SolderStar has developed a device called the WaveShuttle PRO to help in accurately measuring the process control of wave soldering machines. This specialised instrument allows the engineer to digitally record the temperatures from the process, and the contact information and wave height in a single pass of the machine.
The WaveShuttle fixture features the Solderstar SmartLink interface which allows a standard profiling datalogger device to extend its use to the special requirements of the wave solder process. Crucially, two measurement systems are used in parallel, combined with special titanium contact sensors to capture all key parameters from the wave solder machine.
WaveShuttle measurement technique
The WaveShuttle PRO uses two independent and specialised circuits for temperature and wave contact measurement. Temperature profiles are captured using traditional thermocouple sensors, but contact sensing is performed by an array of titanium sensors which are scanned 100 times per second ensuring measurements are both accurate and repeatable.
A line array of sensors is positioned on the front of the measurement fixture to give contact information across the whole working width of the solder wave. These sensors also allow measurement of the PCB to wave parallelism.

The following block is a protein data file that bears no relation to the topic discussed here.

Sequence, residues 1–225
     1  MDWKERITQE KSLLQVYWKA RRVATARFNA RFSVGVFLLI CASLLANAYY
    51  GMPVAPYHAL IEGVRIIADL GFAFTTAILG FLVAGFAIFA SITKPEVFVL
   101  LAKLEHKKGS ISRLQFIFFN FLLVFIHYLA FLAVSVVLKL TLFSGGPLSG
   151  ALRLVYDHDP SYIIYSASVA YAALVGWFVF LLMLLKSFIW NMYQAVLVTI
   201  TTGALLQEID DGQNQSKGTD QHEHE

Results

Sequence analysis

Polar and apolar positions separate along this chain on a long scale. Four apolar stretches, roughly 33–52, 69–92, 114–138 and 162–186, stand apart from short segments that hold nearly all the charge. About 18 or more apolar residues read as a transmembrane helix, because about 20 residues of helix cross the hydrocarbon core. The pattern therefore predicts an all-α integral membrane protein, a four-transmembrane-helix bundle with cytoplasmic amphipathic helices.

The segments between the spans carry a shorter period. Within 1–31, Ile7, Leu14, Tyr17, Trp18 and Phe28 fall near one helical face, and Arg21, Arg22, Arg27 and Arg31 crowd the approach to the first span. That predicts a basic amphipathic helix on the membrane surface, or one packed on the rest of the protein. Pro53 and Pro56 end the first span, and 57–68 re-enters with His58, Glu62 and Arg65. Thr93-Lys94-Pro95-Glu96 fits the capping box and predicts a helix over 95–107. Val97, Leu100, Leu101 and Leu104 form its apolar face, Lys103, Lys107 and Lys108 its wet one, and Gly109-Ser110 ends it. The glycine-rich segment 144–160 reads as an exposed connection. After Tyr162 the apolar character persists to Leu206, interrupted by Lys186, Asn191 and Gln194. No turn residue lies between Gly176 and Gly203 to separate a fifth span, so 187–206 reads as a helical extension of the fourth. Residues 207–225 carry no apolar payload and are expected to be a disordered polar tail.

Additionally, stepped wave height contacts are positioned during the process to allow this crucial parameter to be measured reliably. These sensors are adjustable to set at a different height at the time of manufacture, with tolerances of +/- 0.1mm achievable. A rear sensor is also fitted to allow independent verification of the line speed of the machine.
The edge rails fitted to the WaveShuttle form the electrical ground connection of each of the contacts. Each contact along with the edge rail forms a discrete electrical switch circuit (Figure 2), which operate when contact with the solder and the contact pin is made. This results in a true contact detection method.
Advantages of this approach
• Only when contacts actually touch the solder wave, is timing triggered.
• Thermocouple-based systems rely on a heat threshold level to activate timing. This leads to false triggering and erroneous results.
• Wave height can now be accurately measured.
• Contacts are sampled 100 times per second which allow for a very accurate measurement of contact/dwell times on turbulent chip waves.
• The multiple contacts ensure timing throughout the wave front to rear, and left to right, allowing pot levelling and conveyor angle issues to be evaluated.
• Conveyor speed measurement accuracy is also dramatically increased.